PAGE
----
• In 2015, flights produced 781 million tonnes of CO2 with the aviation industry being responsible for 2% of CO2 emissions globally. If commercial aviation were to get 6% of its fuel supply from biofuel by 2020, this would reduce its overall carbon footprint by 5%.
  • The global demand for biofuels will hit 172 billion litres by 2020, up from 81 billion litres in 2008. At current production levels, an additional 40 million hectares of land would have to be converted to growing crops for biofuel.
  • Prices of home battery storage (Lithium ion batteries) are forecast to fall 48% from $350 per kilo watt hour to $182 per kilo watt hour.
  • According to the Intergovernmental Panel on Climate Change, global warming of more than 2°C can have an increase in the number of extreme climate events. In Copenhagen in 2009, an agreement was reached to limit global warming to 2°C between now and 2100. To reach this target, global greenhouse gas (GHG) emissions need to be reduced by 40-70% by 2050 and that carbon neutrality (zero emissions) needs to be reached by the end of the century at the latest.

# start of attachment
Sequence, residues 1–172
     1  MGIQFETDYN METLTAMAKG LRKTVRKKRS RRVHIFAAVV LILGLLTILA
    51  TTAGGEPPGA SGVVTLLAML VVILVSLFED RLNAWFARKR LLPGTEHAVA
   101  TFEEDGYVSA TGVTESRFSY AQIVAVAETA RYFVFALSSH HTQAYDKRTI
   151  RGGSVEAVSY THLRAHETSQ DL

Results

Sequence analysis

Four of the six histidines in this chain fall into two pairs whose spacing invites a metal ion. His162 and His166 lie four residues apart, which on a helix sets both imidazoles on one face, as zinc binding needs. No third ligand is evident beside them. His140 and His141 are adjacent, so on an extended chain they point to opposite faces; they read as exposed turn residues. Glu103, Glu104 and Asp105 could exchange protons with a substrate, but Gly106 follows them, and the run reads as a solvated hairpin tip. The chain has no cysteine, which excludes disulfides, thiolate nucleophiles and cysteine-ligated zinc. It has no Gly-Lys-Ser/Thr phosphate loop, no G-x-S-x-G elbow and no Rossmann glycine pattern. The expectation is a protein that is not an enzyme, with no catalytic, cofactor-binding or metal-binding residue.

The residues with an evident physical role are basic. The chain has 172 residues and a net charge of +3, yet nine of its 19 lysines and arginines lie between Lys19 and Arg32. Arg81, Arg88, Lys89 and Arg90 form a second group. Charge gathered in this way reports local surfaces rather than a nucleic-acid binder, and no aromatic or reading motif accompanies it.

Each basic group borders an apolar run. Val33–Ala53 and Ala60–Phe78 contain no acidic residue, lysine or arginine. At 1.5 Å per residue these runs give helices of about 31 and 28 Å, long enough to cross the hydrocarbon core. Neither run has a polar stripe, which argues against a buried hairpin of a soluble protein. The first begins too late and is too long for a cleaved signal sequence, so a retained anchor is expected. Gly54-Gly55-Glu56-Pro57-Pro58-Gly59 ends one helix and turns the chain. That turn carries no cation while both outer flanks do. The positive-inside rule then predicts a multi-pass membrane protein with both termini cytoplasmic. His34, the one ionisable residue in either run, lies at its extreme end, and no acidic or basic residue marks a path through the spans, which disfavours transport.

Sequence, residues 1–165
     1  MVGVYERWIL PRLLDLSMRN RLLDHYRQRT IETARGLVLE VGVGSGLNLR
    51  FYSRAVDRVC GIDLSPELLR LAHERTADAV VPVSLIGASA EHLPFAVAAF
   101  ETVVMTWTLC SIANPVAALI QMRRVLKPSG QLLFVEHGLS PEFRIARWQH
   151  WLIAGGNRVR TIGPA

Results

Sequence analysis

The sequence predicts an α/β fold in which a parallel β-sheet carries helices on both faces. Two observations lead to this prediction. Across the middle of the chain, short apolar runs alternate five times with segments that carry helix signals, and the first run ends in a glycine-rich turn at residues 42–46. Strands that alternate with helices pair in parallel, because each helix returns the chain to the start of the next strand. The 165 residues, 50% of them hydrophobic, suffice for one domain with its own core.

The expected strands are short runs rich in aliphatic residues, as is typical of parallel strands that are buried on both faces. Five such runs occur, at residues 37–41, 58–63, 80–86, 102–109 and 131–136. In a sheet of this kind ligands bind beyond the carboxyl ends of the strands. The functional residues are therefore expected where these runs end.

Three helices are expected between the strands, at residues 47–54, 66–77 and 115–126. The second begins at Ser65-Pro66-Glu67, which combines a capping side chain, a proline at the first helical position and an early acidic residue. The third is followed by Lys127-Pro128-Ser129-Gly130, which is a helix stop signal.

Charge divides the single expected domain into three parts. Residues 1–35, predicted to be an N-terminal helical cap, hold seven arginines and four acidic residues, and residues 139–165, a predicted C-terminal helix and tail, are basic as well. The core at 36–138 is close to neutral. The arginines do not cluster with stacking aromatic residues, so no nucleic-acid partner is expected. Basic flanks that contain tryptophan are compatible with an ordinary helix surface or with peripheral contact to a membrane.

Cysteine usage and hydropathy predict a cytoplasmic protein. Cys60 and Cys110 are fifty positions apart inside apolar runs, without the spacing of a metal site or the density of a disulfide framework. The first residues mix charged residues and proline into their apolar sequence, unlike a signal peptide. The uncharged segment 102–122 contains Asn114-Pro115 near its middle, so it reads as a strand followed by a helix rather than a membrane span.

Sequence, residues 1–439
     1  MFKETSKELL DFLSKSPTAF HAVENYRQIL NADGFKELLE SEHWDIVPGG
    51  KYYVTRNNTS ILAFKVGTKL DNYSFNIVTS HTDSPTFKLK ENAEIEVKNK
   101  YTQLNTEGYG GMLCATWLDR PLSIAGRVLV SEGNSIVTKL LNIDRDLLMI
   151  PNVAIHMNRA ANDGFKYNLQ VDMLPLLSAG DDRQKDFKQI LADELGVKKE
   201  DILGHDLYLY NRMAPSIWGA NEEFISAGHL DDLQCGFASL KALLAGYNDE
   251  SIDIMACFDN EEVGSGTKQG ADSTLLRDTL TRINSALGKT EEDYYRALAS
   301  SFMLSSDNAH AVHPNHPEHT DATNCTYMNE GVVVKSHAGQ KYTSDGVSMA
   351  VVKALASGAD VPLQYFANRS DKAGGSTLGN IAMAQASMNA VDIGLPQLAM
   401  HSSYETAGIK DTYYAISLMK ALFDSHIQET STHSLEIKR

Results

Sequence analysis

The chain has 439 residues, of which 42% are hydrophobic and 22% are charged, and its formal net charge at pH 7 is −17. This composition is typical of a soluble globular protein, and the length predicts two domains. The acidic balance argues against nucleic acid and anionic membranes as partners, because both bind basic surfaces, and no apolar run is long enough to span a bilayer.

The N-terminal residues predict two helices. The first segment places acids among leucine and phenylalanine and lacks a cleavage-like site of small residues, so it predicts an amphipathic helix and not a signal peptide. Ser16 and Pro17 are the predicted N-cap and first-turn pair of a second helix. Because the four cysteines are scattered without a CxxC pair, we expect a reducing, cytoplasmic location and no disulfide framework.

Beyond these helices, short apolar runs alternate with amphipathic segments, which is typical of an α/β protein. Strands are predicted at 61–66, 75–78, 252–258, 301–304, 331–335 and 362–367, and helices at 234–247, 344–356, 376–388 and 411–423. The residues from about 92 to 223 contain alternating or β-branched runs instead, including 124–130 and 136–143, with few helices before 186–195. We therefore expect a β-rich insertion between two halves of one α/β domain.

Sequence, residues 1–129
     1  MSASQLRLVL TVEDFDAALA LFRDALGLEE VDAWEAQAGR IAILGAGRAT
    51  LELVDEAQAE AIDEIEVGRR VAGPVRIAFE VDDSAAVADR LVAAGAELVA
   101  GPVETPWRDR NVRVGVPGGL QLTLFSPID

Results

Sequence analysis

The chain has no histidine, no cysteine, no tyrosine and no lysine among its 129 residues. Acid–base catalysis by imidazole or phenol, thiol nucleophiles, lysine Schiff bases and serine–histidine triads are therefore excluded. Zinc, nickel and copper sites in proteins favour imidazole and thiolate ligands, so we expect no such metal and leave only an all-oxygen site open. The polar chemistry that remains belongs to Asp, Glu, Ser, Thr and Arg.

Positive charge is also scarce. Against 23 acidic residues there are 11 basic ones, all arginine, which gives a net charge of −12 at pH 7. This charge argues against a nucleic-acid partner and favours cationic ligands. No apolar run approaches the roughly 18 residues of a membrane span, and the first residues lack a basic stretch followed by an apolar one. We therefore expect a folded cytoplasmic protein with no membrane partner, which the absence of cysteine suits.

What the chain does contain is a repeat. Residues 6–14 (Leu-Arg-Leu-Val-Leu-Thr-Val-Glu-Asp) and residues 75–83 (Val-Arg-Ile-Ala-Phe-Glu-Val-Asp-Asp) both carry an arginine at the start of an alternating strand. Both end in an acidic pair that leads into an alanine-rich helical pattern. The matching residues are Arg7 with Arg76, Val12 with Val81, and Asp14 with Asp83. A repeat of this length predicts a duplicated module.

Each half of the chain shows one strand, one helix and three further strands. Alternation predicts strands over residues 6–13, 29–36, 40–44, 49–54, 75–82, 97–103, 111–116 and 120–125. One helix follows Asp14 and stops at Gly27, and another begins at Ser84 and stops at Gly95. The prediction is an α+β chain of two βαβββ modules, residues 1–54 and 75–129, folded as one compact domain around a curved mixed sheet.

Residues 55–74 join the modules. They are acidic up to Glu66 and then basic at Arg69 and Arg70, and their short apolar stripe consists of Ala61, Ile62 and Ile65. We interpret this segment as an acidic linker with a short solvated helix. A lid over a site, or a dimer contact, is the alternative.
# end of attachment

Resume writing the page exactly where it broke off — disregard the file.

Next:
How Qantas is responding:

Climate change and resource scarcity are global challenges that demand a coordinated response from governments, businesses and individuals, and we are committed to leading the way in that response.

We're guided by a simple philosophy: Measure, Reduce, Offset and Influence. We're using innovative data analytics to quantify our impact; renewing our fleet with the industry's most advanced aircraft; engaging our people in fuel optimisation and playing a lead role in research towards a commercially viable aviation biofuel market.

At the same time, we are engaging our employees, customers and the community through the world's largest airline carbon offset program, committing to stringent energy efficiency targets and supporting the growth of sustainable tourism in Australia, while multiplying the impact of all these initiatives by forming partnerships with regulators, manufacturers, and innovation leaders, from Airservices Australia to GE and Tesla.